Education

How does federal judge’s ruling in Harvard admissions case relate to UNC-Chapel Hill?

UNC-Chapel Hill.
UNC-Chapel Hill. News & Observer file photo

A federal judge has ruled that Harvard should continue to consider race in its admissions process, an issue that UNC-Chapel Hill also is currently fighting in court.

Federal District Court Judge Allison D. Burroughs said in her decision Tuesday that “ensuring diversity at Harvard relies, in part, on race conscious admissions.” She wrote that the elite private university’s admissions program “passes constitutional muster.”

The affirmative action case originated when Students for Fair Admissions filed a lawsuit in 2014 against Harvard. The group argued that how Harvard uses race to admit students discriminates against Asian-American applicants.

The anti-affirmative action group, led by activist Edward Blum, also sued UNC-Chapel Hill in 2014, claiming the public university’s admissions process unfairly uses race. The group is made up of thousands of rejected applicants, prospective students and parents who are concerned about racial preferences in college admissions.

UNC officials declined to comment Tuesday evening on the outcome of the Harvard case or how it might affect the ongoing UNC case.

UNC has defended its admissions practices, saying its policies “comply with the spirit and letter of the law,” The News & Observer previously reported.

On its website about the lawsuit, UNC says “eliminating the consideration of race in U.S. college admissions threatens academic excellence at the University and challenges our ability to create a diverse community of talented students from varied backgrounds and different perspectives.”

Students for Fair Admissions argues “UNC’s use of race is the opposite of individualized; UNC uses race mechanically to ensure the admission of the vast majority of underrepresented minorities,” according to the plaintiffs’ brief filed in January 2019.

Blum said in a news release at the time that the court filing “exposes the startling magnitude of the University of North Carolina’s racial preferences,” according to the N&O.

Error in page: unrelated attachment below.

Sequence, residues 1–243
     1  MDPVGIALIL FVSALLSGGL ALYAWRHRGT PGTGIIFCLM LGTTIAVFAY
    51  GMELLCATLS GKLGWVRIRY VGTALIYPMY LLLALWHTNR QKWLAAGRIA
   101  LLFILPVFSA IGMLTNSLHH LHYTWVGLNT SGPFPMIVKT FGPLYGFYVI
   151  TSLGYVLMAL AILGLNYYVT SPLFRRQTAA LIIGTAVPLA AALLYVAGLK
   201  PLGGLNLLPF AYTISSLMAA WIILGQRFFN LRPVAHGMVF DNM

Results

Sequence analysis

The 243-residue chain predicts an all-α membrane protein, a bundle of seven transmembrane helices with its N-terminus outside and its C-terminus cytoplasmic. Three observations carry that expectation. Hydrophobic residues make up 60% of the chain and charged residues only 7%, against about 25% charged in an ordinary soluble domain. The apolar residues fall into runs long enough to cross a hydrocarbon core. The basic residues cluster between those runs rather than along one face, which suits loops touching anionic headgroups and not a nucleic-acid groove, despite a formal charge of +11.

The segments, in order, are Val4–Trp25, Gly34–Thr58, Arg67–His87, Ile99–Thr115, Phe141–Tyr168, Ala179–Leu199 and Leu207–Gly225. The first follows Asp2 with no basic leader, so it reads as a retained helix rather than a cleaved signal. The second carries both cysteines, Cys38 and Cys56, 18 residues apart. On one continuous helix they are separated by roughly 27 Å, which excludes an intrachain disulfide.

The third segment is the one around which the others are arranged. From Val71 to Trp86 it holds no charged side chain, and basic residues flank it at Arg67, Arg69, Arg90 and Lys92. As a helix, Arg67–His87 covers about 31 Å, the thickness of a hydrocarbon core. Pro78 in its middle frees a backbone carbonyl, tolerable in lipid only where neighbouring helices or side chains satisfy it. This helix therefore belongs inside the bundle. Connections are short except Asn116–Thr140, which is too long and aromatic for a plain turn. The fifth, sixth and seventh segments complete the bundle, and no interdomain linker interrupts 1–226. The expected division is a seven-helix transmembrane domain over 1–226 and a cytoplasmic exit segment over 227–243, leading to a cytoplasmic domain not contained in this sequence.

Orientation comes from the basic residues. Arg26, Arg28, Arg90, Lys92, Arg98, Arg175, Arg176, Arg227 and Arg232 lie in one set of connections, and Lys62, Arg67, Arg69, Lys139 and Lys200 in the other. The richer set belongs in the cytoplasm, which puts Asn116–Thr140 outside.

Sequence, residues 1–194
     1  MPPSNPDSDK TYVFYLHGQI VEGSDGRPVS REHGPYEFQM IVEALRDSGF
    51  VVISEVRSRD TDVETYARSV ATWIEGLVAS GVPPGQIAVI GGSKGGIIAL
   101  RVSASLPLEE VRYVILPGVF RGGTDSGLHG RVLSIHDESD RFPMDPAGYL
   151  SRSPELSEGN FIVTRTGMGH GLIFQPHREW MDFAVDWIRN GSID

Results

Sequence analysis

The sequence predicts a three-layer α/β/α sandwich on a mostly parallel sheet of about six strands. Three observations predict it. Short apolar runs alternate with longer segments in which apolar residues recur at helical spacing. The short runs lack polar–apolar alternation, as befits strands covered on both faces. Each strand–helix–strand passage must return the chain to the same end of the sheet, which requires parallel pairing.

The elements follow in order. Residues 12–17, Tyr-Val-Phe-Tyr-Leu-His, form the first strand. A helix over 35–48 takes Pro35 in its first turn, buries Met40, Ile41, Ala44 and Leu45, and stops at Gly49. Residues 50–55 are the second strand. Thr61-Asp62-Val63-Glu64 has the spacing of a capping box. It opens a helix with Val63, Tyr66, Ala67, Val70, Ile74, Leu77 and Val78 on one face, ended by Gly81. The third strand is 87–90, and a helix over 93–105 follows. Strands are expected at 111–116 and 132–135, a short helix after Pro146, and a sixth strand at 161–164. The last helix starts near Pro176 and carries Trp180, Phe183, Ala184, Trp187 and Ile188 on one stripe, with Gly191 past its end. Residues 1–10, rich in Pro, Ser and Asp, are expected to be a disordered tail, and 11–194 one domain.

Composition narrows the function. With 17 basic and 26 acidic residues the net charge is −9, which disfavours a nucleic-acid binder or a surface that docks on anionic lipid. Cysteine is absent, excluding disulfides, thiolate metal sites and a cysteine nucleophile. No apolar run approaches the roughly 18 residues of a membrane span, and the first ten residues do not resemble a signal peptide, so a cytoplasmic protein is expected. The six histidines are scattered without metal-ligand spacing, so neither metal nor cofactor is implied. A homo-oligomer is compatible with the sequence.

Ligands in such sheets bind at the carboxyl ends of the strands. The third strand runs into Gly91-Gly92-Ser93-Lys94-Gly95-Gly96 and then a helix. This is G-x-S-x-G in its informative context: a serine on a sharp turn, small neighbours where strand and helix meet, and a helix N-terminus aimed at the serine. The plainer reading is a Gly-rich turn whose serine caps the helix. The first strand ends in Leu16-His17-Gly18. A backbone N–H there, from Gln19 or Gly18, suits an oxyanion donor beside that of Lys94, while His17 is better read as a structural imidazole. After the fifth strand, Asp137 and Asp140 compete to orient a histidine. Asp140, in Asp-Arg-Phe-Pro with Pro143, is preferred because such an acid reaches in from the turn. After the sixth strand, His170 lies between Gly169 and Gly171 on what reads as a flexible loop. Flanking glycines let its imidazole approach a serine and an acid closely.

One example Blum gave was that an Asian-American male applicant from North Carolina with a 25% chance of getting into UNC would have about a 67% chance of getting in if he were Latino and a more than 90% chance if he were African-American, The News & Observer previously reported.

UNC defends its “holistic, individualized, and comprehensive” admissions process that considers race as one of many factors in evaluating applicants, according to UNC’s website about the lawsuit. The university says each student’s “academic performance, test scores, class rank, essays, experiences, circumstances and potential to contribute to the educational environment” are considered. Race or ethnicity is included in that list if a student decides to share that information.

“Carolina does not use quotas or formulas, and we do not discriminate against any applicant or group,” the website says.

The most recent filing in the UNC lawsuit was Sept. 30, when District Judge Loretta C. Biggs denied the parties’ cross-motions for summary judgment and granted the plaintiff’s motion to seal certain documents.

While the cases are being adjudicated separately, both have been followed closely in the higher education world. Even with the recent ruling in favor of Harvard, the case could be appealed and taken to the Supreme Court. And both the UNC and Harvard cases could have lasting implications for affirmative action and race-conscious admissions policies across the nation.

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Kate Murphy covers higher education for The News & Observer. Previously, she covered higher education for the Cincinnati Enquirer on the investigative and enterprise team and USA Today Network. Her work has won state awards in Ohio and Kentucky and she was recently named a 2019 Education Writers Association finalist for digital storytelling.
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